Media briefing: Farming can be a climate change solution, so why is it missing in action at COP26?

Our planet is at a tipping point. Climate change threatens all our futures if we do not act now. All sectors must look at their impact, and agriculture is no exception. Agriculture is currently responsible for up to one quarter of all emissions globally. Current industrial farming practices are major contributors to escalating climate change and nature loss – this must urgently be addressed.

But farming is also unique. Not only could it reduce emissions through more sustainable practices, it also has the potential to remove carbon from the atmosphere and become perhaps the biggest nature-based solution to climate change. In addition, sustainable farming can restore nature and deliver healthy food from resilient food systems. These issues – climate, nature and health – are interlinked and should not be treated in silos.

So why is food and farming not on the agenda of COP26? As talks begin in Glasgow, there is a risk that governments could be missing a major opportunity.

“Agriculture could play a central role as part of the solution to climate change, not only by reducing emissions but by sequestering carbon in the soil. Yet, at present, the scale and importance of this potential seems to have gone largely unrecognised by global leaders. In order to harness the potential of agriculture to address climate change, we need a global farm metric that measures our impacts, we need trade agreements that are conditional on sustainability and we need to acknowledge the role of soil and grassland as a major carbon sink.” Patrick Holden, Chief Executive of the Sustainable Food Trust.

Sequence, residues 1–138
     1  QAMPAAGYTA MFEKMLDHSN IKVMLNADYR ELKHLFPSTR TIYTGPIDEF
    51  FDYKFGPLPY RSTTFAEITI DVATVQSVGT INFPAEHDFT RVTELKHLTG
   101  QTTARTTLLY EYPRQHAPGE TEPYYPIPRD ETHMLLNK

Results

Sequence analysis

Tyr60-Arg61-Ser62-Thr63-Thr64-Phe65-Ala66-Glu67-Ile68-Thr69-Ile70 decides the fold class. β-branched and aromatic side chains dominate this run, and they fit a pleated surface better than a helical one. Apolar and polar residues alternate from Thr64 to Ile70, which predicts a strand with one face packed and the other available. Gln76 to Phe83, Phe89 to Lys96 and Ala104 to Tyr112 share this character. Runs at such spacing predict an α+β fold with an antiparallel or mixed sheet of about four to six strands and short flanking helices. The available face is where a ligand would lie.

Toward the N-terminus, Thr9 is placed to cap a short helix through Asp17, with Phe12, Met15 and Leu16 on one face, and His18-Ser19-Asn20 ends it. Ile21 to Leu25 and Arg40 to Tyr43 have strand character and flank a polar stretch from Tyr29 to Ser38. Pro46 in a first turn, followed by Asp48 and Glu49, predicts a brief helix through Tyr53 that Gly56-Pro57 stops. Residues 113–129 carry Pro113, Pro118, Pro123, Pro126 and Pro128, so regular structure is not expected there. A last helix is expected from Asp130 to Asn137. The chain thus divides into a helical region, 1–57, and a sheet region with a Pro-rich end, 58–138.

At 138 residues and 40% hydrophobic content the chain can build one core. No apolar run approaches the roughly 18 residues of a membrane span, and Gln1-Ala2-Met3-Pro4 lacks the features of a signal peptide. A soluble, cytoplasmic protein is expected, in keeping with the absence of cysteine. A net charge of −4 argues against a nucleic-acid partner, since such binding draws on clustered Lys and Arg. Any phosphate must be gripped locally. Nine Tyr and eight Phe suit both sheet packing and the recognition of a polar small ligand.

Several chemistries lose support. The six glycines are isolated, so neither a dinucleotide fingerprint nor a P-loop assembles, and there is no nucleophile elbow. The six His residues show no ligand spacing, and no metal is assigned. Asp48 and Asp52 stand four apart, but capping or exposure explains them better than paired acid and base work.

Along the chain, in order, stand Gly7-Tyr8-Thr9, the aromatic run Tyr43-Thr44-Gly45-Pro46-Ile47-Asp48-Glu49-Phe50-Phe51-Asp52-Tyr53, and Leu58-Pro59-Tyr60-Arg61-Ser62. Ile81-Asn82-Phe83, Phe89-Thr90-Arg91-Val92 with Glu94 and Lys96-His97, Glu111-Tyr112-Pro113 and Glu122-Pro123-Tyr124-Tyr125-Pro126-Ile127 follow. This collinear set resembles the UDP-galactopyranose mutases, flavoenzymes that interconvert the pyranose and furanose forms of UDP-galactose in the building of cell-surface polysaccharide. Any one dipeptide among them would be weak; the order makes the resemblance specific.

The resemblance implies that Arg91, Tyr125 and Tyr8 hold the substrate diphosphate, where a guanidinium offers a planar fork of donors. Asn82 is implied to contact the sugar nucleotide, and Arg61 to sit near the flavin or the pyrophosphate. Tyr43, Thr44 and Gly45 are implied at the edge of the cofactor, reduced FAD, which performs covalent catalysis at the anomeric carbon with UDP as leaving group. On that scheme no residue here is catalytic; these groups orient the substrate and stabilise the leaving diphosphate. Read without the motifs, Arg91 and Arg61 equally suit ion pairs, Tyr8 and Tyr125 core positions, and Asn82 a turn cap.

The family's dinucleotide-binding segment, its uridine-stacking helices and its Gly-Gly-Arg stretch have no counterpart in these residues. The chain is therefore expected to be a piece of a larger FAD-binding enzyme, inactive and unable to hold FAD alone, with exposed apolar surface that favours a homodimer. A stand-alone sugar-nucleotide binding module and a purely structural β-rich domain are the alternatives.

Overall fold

We believe the following three issues are key to harnessing the power of agriculture as a solution to climate change:

1. Global Farm Metric

…click on the above link to read the rest of the article…

 The Woodchip Handbook: A Complete Guide for Farmers, Gardeners and Landscapers: Excerpt

The Woodchip Handbook

The following excerpt is from Ben Raskin’s new book The Woodchip Handbook: A Complete Guide for Farmers, Gardeners and Landscapers (Chelsea Green Publishing, October 2021) and is reprinted with permission from the publisher.

The Woodchip Handbook

By Ben Raskin

Restoring Damaged Soil

With the potential for woodchip to boost soil health, hold onto water and promote plant growth, it is a small step to look at how to effectively harness that potential for rescuing degraded and damaged soils. There are numerous examples of how this has been done, and we’ll look at a few of them here. In some of the studies woodchip and biochar are used either comparatively or in combination, and there is certainly potential for combining the shorter-term benefits of woodchip with the longer-lasting properties of biochar. Both the physical and biological properties of woodchip are used in soil remediation.